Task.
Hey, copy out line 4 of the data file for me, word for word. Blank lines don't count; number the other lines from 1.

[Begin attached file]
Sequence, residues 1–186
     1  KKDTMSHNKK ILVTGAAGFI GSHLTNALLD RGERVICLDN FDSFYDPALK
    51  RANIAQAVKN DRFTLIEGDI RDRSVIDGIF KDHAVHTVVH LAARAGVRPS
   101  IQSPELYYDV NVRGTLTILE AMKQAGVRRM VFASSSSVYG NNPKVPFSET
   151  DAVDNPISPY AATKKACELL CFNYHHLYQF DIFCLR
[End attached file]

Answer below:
   101  IQSPELYYDV NVRGTLTILE AMKQAGVRRM VFASSSSVYG NNPKVPFSET